Brave Conversations


I do not know you or your story, but I am very certain that eventually, if not currently you will
experience some form of conflict with someone in your life. It might be a difficult boss, neighbor without boundaries, addicted family member or stubborn teenage child. Most of us hate conflict, but it is an opportunity to bring God glory. God’s Word, the Bible, gives us a great deal of relational wisdom when it comes to resolving conflict. How do we turn the conflict we hate into an opportunity for growth? How do we restore Shalom (peace) in our relationships?

First, TAKE THE INITIATIVE. Jesus tells us in the sermon on the mount that when we are at worship and remember that our brother has something against us, we should first go be reconciled (Matthew 5:23, 24). Jesus outlines a strategy where we approach the person one on one, then if necessary, take another person or two with us and if that does not work then take it to the church, specifically church leadership, for help (Matthew 18:15-17). Can I just be honest and say I do not love this aspect of my job. But this method often works.

Second, BECOME AS UNOFFENDABLE AS POSSIBLE. Over the years as I listen to the stories of
conflict, I am amazed at how something that appears small can lead to such big blow ups. Usually, I find a pattern under the trigger event which helps explain the level of anger, but not always. King Solomon writes “it is to one’s glory to overlook an offense” (Proverbs 19:11b). Many times we can and should just let something go.

Third, LISTEN. Really listen. Restate what you hear them say. Fill in feeling words such as “so when I did this you felt disrespected?” Allow them to truly feel heard. Offering a person you are at odds with a listening ear is a powerful gift. The Bible tells us to be “quick to listen and slow to speak” (James 1:19). As we hear them then we can truly own our piece of this conflict. Maybe we are responsible for only 10 percent of the blame for this conflict. But if we will give the gift of “going first” and owning that 10% then your opponent may step up and own at least part of their piece of the mess.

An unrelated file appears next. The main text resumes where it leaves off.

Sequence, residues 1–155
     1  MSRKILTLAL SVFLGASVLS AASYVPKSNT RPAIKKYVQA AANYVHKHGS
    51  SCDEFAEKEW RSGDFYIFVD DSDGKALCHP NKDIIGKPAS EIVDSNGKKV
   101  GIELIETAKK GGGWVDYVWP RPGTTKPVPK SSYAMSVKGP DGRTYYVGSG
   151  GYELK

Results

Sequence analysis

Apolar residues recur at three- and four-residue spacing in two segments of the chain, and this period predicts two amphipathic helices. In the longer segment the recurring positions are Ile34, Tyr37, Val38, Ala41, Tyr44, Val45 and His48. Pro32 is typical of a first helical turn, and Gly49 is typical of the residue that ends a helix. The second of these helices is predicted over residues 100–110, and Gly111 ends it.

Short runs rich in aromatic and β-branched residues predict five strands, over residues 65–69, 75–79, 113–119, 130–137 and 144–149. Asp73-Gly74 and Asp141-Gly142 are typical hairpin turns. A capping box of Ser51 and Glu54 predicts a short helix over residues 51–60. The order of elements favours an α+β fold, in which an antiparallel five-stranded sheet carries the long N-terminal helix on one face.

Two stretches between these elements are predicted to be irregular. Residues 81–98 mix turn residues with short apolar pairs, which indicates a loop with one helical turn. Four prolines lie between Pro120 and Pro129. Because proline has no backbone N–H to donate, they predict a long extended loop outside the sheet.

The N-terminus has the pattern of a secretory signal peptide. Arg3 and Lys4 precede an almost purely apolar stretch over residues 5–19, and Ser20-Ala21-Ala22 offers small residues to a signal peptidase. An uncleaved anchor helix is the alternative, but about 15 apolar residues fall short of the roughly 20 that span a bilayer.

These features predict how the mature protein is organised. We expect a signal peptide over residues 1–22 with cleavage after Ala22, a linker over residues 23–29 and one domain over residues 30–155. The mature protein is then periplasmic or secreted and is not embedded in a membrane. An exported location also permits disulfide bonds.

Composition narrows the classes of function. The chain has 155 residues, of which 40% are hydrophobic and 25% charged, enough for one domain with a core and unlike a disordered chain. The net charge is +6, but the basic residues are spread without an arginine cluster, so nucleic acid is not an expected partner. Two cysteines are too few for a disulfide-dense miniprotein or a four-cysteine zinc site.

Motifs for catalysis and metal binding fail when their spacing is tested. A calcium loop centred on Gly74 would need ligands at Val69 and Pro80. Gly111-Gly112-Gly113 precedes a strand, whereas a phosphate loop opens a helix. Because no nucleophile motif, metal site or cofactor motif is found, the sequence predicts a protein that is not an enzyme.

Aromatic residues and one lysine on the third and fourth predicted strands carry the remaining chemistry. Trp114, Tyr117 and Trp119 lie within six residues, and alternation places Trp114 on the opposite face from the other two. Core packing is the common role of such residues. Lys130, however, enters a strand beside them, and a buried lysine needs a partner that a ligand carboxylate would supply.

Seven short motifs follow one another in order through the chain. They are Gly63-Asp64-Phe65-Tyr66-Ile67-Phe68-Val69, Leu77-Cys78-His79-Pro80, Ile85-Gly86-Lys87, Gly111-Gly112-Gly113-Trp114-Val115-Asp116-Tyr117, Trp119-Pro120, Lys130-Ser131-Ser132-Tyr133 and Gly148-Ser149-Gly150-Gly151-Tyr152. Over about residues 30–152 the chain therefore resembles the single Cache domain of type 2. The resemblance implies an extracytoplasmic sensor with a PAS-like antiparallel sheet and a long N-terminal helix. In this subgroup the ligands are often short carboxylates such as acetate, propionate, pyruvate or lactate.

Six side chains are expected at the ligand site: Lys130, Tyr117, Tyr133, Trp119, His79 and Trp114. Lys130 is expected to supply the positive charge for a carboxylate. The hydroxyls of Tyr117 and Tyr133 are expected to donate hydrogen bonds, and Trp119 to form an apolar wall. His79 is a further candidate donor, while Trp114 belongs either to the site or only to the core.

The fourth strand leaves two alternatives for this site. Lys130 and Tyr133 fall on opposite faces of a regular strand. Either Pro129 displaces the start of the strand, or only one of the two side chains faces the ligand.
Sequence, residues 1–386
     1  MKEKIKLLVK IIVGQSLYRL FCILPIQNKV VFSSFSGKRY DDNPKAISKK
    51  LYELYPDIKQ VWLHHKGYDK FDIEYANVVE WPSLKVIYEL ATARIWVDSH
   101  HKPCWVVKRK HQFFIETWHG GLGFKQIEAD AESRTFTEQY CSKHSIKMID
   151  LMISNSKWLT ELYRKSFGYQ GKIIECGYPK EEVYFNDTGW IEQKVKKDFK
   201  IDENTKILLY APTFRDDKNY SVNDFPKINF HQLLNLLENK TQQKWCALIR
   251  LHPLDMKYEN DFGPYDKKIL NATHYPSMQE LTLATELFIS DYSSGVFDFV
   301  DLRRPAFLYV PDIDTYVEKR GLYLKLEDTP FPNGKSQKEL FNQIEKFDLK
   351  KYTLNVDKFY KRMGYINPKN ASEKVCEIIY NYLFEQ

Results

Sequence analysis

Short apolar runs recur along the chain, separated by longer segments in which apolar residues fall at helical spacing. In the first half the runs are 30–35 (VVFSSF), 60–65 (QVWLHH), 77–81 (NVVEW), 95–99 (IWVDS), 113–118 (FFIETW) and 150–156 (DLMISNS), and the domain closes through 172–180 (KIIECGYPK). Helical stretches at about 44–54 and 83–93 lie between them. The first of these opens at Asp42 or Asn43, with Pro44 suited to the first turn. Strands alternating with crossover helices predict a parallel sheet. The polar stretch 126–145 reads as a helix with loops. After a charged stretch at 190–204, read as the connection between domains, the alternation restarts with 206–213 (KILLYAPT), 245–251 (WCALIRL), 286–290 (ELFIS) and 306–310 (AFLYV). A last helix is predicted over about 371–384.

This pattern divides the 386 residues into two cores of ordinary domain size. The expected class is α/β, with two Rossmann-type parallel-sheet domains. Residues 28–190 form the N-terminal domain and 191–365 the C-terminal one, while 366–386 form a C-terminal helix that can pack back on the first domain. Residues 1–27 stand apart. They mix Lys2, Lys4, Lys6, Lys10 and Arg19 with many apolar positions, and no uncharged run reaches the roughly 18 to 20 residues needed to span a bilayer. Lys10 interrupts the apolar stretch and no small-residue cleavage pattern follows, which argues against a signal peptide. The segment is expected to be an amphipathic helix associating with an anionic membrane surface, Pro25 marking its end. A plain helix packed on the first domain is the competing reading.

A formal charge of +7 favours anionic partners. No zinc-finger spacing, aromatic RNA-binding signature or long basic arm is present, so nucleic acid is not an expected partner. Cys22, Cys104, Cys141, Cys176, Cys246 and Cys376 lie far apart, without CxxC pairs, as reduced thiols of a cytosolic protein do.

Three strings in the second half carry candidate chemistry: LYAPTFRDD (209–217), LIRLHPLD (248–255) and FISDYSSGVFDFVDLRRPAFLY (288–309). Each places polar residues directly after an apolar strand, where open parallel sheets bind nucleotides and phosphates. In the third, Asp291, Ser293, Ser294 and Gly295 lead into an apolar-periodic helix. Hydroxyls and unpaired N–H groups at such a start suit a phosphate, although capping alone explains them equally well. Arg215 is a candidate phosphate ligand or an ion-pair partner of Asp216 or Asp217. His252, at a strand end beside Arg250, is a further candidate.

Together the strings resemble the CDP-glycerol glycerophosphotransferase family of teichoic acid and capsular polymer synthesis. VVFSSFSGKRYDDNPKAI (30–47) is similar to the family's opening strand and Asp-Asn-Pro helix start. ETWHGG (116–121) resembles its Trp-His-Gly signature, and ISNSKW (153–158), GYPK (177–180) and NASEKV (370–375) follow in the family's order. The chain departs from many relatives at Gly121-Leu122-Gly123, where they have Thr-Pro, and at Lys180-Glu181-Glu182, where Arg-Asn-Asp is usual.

Fourth, FORGIVE. Whether they apologize or not, for you to be free, you need to forgive them. This does not mean you excuse their behavior or protect them from the consequences of their actions. But it means you give up your perceived right for revenge. Quit telling your story of hurt to anyone who will listen. Do the deep work of sacrificially forgiving the person. This is what Jesus does for us on the cross. If we are His followers, we too must forgive; it is at the heart of our faith (Ephesians 4:32).

Fifth, LOVE THEM ANYWAY. People are broken, messy and often selfish. Our calling is to love people in the middle of their mess. This is how God loves us and, as his children, we are called to love even our enemies (Matthew 5:44). Yes, this challenge is incredibly difficult, but it is our beautiful obedience.

As you think about the conflict in your life is there a brave conversation that you need to have with someone this week?

Pastor Derek Dickinson
Journey Christian Church